What’s the one item in your kitchen you can’t possibly cook without? A spice, your grandma’s measuring cup, instant ramen — what’s your magic ingredient, and why?

Garlic. We love garlic and I use it in almost every dish I make. I like the fact that it’s good for you, too. I remember my brother-in-law, who is a vitamin enthusiast, once touted the good effects of garlic capsules for health. I asked him if he ever uses it in cooking (he lives alone), and he said he didn’t. Hmmm. Why take tablets for something that tastes so good?

It’s been in use for up to 7,000 years, and originates from Central Asia, but people probably associate it most with food from the Mediterranean region. It’s also a frequent seasoning in Asia, Africa, and Europe. The ancient Egyptians used it medicinally. And of course it was a popular method of warding of evil spirits in both ancient times and the middle ages.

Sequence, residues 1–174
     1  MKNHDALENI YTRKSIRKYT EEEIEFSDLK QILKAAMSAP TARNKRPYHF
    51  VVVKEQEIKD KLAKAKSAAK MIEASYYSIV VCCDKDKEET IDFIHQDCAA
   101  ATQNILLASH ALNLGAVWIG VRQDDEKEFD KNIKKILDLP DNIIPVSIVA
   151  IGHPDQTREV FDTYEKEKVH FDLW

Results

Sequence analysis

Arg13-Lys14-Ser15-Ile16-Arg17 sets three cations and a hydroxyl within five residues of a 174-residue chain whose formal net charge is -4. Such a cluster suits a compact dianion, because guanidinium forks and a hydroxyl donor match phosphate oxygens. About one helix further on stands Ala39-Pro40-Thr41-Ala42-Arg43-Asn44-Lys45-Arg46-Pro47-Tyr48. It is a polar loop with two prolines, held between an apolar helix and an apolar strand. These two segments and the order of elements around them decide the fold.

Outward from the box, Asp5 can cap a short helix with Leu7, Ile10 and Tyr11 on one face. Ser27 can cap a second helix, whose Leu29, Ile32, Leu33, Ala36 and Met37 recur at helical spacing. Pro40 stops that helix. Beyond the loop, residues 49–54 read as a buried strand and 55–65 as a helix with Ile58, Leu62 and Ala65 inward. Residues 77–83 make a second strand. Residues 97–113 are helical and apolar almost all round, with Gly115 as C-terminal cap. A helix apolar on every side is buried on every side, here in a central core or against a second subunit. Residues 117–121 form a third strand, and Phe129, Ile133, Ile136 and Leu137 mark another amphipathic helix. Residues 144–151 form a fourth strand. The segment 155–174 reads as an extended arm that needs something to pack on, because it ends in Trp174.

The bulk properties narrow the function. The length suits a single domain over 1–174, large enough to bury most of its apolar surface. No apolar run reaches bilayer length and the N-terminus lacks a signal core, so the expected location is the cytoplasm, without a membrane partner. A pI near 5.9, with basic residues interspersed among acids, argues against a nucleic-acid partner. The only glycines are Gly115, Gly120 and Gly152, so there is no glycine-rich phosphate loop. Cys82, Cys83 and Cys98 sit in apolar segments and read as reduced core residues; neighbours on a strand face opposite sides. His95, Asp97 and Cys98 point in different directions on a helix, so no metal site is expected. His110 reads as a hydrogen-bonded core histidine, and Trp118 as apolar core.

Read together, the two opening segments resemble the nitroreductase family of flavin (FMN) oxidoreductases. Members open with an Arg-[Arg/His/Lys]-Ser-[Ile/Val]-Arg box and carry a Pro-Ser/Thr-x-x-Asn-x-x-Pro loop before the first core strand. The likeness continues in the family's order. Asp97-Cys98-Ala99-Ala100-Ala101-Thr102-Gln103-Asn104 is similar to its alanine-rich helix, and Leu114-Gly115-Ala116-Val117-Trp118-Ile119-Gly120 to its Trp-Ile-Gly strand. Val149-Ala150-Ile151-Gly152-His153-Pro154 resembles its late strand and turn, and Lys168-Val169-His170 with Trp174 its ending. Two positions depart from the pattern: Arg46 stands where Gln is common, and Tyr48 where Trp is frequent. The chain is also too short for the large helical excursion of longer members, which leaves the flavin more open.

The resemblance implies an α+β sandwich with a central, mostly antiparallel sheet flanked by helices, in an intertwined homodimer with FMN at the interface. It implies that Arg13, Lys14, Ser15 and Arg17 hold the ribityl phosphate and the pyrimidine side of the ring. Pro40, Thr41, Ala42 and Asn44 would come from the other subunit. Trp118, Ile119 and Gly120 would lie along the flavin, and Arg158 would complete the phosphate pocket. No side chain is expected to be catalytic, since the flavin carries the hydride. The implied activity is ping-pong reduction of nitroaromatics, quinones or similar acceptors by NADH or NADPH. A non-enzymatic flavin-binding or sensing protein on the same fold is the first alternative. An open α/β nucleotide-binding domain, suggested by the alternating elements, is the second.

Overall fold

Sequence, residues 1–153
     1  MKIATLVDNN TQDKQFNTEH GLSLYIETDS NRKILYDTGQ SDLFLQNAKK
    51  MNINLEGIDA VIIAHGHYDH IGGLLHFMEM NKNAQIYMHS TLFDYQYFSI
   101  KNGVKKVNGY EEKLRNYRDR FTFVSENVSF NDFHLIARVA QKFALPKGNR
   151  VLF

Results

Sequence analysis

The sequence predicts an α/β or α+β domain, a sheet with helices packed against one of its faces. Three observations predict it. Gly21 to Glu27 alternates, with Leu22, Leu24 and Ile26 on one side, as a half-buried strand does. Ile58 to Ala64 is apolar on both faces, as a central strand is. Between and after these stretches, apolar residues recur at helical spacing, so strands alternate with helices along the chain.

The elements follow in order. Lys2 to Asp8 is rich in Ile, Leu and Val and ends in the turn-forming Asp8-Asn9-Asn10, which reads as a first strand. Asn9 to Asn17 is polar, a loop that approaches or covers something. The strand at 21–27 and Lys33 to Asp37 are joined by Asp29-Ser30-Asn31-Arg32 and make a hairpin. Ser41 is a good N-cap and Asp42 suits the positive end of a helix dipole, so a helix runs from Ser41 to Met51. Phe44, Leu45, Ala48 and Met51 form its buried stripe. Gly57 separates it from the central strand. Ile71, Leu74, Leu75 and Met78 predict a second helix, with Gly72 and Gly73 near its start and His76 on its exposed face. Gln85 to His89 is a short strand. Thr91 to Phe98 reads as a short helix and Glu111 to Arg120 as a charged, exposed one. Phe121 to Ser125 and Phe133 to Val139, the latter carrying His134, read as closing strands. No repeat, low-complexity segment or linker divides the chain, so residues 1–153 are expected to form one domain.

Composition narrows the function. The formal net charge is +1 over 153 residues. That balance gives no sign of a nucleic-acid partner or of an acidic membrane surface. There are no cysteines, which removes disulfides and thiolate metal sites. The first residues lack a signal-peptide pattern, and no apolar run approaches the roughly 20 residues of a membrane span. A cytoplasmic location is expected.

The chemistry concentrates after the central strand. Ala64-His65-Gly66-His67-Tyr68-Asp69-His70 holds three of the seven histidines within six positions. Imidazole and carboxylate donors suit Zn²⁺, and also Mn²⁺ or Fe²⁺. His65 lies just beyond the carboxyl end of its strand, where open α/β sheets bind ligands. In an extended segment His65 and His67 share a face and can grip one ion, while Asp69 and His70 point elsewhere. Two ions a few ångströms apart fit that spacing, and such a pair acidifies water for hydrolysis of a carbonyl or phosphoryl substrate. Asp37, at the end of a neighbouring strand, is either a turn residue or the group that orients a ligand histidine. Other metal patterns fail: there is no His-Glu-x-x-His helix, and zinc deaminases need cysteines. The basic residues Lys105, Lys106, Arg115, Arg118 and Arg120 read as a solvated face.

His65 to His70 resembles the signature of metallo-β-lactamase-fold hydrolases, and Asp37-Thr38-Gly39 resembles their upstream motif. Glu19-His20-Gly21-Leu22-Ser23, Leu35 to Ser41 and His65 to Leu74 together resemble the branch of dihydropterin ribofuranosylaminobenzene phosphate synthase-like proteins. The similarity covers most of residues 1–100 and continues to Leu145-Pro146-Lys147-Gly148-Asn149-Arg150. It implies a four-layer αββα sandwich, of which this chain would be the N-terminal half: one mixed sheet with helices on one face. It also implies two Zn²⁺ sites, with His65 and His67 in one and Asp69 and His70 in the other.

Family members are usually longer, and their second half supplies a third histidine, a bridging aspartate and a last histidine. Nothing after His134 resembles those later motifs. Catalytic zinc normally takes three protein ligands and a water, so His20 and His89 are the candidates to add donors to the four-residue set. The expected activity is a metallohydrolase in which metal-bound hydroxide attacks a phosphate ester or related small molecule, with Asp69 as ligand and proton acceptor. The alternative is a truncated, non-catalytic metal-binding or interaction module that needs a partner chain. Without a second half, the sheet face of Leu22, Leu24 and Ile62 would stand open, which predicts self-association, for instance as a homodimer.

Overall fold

I was amazed to learn that perhaps 60-65% of the garlic produced in the world comes from China. Then again, I think it was in a Chinese cooking class when I was in my twenties that first attracted me to real garlic and Chinese food. My mother used garlic powder instead of the real thing, but now I don’t even have that in my cupboard. Only the real thing will do, and of course, real garlic produces a less bitter and more authentic flavor.

I enjoy cooking, and especially like to use a lot of vegetables cooking them until they’re just done — or still slightly crispy.

I’ve also enjoyed the proliferation of recipes on the internet. Sometimes I’ll have a couple of fresh ingredients that have to be used, and I simply search for a recipe that contains 2-3 ingredients I have to use up, and bingo, I find a whole host of ways to use up my selection of foods — and sometimes some really interesting combinations.